Privacy Law and Policy Reporter
This information is provided by the National Pharmacy Intranet Demonstration Project. The project is clearly one of considerable significance to privacy — General Editor.
The project is an initiative of the Pharmacy Guild of Australia, through Guild Commercial, in partnership with the Department of Health and Family Services and the Health Insurance Commission. The project seeks to demonstrate the technical feasibility, cost-effectiveness and accepta-bility of a pharmacy intranet. The project is undertaking a number of activities. First off, the project is trialing electronic entitlement checking. Other activities include:
The intranet will also enable pharmacists to share information with one another — information about policies, practice and professional issues. The project thinks that going online will result in many benefits — better, faster and more accurate service for consumers; more efficient communication with government and regulatory bodies; and most importantly better communication for better health care.
The National Pharmacy Intranet Demonstration Project is developing the framework on which we can build. The demonstration project is being evaluated to help determine the likely costs and benefits of a national pharmacy intranet.
The National Pharmacy Intranet Demonstration Project takes privacy, confidentiality and control access and use of data very seriously. The project has a national consultative committee examining these issues among other things. Members of the consultative committee include representatives of the Australian Medical Association, Royal Australian College of General Practice, the Privacy Commissioner’s office and consumer organisations including Consumer Health Forum, Council on the Ageing (Australia); and the Australian Pensioners and Superannuant’s Federation.
The consultative committee has worked hard to develop a privacy framework within which the project operates. The privacy framework is based on the eleven privacy principles as set out in the Privacy Act 1988 (Cth) and the Australian Standard AS4400 (1995) Personal Privacy Protection in Health Care Information Systems. All consumer participation is by informed consent.
A public consultation process is being held so as to inform the development of a privacy framework for a future national pharmacy intranet. The consultation will explore public policy issues, including the maintenance of confidentiality and privacy; and control, access and use of data, which may arise in relation to a national pharmacy intranet.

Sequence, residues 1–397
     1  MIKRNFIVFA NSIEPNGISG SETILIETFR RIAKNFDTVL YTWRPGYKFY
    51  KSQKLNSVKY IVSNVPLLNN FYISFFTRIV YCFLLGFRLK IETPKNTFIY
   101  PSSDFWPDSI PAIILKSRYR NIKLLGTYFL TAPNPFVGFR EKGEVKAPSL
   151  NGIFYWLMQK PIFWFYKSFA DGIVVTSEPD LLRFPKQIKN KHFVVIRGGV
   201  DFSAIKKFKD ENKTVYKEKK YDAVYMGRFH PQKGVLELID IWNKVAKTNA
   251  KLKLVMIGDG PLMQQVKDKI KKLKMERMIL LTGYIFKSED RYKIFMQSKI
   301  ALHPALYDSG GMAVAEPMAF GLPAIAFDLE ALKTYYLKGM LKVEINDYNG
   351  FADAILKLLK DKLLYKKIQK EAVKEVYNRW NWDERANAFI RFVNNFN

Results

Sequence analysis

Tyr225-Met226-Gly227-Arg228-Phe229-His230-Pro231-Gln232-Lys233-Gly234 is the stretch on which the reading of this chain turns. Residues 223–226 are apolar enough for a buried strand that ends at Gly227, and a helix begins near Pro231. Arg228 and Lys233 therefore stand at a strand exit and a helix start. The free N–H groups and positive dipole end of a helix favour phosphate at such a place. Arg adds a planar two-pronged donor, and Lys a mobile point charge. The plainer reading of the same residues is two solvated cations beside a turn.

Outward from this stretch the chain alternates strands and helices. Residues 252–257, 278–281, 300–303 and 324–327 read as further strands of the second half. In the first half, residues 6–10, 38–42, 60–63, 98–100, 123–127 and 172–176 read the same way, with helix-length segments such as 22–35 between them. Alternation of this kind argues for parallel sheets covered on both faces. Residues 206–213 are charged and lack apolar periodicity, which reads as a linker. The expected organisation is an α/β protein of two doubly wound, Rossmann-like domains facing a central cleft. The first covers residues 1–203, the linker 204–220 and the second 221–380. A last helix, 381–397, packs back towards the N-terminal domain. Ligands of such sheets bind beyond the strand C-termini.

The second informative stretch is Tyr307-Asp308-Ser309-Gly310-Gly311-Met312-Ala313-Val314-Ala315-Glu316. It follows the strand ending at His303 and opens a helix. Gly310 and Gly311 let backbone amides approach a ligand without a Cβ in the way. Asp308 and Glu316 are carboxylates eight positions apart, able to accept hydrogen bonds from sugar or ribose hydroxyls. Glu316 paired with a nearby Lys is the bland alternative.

There are a number of potential benefits and potential costs for a range of stakeholders including: Consumers; Pharmacists; wider community; medical practitioners; Commonwealth Government; State and Territory Governments
The consultation will ask whether the benefits outweigh the costs? Both in general, and for individuals?
A range of technical solutions are available to safeguard privacy and confidentiality. These include the use of PINs, smart cards, access audit trails, and encryption. Policy and legal solutions include development and adoption of privacy framework including strong penalties for infringement of privacy and misuse of data.
What are the policies and practices needed to protect privacy? In the absence of Commonwealth privacy legislation for the private sector, what additional safeguards are required to ensure the privacy and confidentiality of information transmitted via a pharmacy intranet and stored in a central data repository?
A brief discussion paper is being prepared and written submissions will be invited. Closing date for submissions is Friday 30 October.
Public meetings will be held as follows:
Canberra 22 September
Launceston 28 September
Hobart 29 September
Melbourne 6 October
Brisbane 7 October
Sydney 13 October
Adelaide 14 October
For more information ring the project office on 1800 676 180, or email Dina Bowman, Project Coordinator at email@example.com